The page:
Hiking Enders Falls
Connecticut › Enders Falls Trailhead
Added by Shannon Kalahan
- Distance : 0.5 miles of waterfall trail, various other hiking trails throughout the forest
- Duration : A few hours
- Easy access to spectacular waterfalls
- Hiking, hunting, fishing, bird-watching
- Letterboxing, a statewide initiative to get people into the state parks and forests. Visitors can earn patches.
Enders State Forest sprawls over approximately 2000 acres, and is found within the towns of Granby and Barkhamsted in Connecticut. Enders has a good sized parking lot directly on Route 219. From the junction of Route 219 and Route 20, visitors will proceed west on Route 219 for 1.2 miles and turn into the Forest on the left. The main trail is directly off the parking lot.
Enders Falls is collection of five diverse waterfalls - cascades, plunges, slides and horsetails – all within a half-mile of each other. The change in elevation from the trail head to the lowest fall is only about 150 ft, and the tallest waterfall is approximately 30 ft. In other words, it is a waterfall photographer’s daytrip paradise. Granted, it’s no Niagara Falls, but the diversity and quiet allure of the place makes it a must see for anyone in the area.
In good weather, the hike is easy to moderate, with an well maintained main trail running through the forest, parallel to the brook below. The side trails that lead down from the main path to the various falls can be steep and slick at times, so some caution is needed there.
The warmer months tend to bring out lots of families looking for some shade and an easy hike. You’ll also find a number of people looking for a place to wade into the cool water (done at your own risk) and photographers, coming to the park to create some images. For the artists out there, there are a number of great compositions for each waterfall on both sides of the river. Or in the winter, if you’re feeling brave!
In the winter, the hike may be infinitely more difficult and dangerous. Connecticut winters tend to have a lot of thaw and re-freeze, which means most of the trails have ice on the exposed surfaces and at times, under the snow. The park is open year-round, however, if you intend to hike down to the river in the winter, I recommend coming prepared. In the winter, I bring ice clips for my hiking boots and hiking poles.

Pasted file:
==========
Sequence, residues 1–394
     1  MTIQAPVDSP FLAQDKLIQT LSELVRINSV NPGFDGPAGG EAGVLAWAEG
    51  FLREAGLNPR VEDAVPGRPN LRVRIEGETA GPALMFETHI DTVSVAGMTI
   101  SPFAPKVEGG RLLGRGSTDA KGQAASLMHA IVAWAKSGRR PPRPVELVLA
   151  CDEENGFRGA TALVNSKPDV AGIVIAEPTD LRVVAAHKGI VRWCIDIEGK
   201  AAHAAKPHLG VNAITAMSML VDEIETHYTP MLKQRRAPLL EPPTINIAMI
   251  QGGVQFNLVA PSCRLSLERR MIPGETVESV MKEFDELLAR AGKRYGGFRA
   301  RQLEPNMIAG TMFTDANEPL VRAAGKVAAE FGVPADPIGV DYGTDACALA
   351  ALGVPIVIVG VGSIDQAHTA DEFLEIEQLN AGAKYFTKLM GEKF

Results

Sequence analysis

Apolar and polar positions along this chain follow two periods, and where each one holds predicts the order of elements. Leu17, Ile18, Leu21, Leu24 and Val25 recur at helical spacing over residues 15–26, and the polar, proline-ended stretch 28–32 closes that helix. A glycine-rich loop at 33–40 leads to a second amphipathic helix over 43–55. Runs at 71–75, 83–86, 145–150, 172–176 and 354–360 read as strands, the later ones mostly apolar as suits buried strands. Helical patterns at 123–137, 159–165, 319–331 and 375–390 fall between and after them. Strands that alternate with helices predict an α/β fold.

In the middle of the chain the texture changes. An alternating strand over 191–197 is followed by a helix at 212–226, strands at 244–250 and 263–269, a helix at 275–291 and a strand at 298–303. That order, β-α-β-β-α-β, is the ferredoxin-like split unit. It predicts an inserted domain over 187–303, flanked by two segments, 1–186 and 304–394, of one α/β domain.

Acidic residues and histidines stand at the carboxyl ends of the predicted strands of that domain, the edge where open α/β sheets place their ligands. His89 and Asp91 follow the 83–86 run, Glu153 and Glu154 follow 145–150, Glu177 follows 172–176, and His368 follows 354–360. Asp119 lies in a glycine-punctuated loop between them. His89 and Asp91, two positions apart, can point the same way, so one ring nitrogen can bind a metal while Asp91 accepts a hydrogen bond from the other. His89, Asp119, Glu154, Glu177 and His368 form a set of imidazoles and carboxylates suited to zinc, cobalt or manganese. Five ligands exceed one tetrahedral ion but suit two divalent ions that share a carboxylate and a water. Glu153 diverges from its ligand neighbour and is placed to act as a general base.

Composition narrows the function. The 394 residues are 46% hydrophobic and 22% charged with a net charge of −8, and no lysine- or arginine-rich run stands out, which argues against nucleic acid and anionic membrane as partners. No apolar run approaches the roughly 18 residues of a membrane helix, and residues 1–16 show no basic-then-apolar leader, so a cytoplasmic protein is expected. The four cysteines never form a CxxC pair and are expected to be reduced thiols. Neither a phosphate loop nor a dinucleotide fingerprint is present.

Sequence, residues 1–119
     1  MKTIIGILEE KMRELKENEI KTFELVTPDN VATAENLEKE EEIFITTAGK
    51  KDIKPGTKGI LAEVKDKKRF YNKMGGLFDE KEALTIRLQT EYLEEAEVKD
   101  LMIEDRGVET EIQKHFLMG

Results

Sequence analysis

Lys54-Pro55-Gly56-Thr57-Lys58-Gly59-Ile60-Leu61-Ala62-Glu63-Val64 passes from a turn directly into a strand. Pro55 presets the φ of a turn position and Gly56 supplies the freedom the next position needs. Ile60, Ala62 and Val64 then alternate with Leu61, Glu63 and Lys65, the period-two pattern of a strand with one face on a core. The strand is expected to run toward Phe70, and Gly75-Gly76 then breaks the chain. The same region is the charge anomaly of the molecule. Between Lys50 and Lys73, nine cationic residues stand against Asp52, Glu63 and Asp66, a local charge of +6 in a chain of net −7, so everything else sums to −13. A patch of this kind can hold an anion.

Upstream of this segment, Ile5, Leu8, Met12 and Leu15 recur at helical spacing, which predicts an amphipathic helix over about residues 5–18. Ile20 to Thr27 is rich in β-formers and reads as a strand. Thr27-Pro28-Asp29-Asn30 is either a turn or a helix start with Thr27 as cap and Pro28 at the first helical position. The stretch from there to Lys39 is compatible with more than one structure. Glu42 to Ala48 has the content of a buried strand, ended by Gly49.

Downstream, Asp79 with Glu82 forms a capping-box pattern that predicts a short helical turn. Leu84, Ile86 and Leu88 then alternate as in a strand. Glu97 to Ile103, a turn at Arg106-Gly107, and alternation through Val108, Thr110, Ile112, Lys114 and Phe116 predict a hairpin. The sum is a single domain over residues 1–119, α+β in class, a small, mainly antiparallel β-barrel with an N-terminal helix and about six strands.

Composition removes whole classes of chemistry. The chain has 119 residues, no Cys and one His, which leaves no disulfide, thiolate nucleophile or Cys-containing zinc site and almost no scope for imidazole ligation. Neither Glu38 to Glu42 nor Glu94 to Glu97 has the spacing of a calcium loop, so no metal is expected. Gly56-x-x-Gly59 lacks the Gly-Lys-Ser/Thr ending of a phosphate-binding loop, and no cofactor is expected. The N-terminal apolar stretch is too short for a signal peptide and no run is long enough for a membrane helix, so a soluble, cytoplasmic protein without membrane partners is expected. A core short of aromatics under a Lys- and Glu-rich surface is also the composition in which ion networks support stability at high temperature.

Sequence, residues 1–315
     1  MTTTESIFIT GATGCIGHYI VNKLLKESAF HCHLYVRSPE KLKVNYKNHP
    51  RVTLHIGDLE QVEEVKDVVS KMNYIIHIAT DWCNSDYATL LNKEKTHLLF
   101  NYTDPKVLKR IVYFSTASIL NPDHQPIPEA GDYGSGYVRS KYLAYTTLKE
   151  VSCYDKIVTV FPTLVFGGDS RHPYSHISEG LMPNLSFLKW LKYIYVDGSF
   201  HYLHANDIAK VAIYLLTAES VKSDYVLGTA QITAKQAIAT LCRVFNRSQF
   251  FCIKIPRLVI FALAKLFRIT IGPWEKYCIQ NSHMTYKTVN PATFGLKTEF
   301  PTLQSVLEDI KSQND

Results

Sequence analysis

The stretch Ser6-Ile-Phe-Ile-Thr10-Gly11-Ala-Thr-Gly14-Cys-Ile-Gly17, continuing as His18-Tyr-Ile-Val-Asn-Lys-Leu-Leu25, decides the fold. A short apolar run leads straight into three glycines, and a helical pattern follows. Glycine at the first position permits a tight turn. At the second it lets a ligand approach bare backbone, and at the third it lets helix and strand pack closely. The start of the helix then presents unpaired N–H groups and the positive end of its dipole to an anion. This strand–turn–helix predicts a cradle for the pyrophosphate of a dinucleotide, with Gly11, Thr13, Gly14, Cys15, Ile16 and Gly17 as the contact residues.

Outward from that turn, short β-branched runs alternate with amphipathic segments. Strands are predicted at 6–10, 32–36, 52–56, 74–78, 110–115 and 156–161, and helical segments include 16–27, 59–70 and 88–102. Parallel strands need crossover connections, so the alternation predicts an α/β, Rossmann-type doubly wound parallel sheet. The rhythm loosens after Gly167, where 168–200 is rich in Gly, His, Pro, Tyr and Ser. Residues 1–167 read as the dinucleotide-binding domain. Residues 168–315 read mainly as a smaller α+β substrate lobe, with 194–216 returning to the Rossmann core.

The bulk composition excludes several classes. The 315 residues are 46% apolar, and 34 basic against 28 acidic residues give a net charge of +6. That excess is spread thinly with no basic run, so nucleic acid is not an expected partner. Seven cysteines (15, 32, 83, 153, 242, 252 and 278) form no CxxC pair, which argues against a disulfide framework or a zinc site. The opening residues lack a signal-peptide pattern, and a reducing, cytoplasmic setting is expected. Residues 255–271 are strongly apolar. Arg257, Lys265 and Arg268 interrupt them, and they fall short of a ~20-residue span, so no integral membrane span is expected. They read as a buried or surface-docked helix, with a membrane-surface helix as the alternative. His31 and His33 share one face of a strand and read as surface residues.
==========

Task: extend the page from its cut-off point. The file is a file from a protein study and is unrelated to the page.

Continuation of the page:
Furthermore, because the brook and falls are sheltered by gorge walls and forest, the snow and ice take longer to disperse. Despite the extensive snow-melt throughout much of the state in March and early April, the pools below the falls will often still have a cover of ice in most places. During the mid-winter months, many of the cliff drops will have a thick shield of ice, obscuring the waterfalls flowing behind them.
If you are solely interested in the waterfall hike, you can go down to the last drop and back in 30-45 minutes. I think part of the attraction of this area, however, is the rustic and inviting feel of the forest. You can easily spend a few hours exploring and taking in the beauty of nature here.
- Appropriate hiking shoes and clothes
- In the summer, swim suits
- In the winter, clips and hiking poles
- A camera and tripod
- Snacks and water, as there are no facilities
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Chillin, Fishing, Hiking, Photography, Snowshoeing, Swimming
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Fun Area To Explore
Enders Falls was a cool place to hike. A lot of smaller to medium size waterfalls line the hiking trails. I loved checking this out, but there was a lot of graffiti on the rocks, and we found a lot of litter which was really unfortunate. Overall though, there are some great spots to get excellent waterfall pictures! We went in the fall, so the temps were nice and cool.
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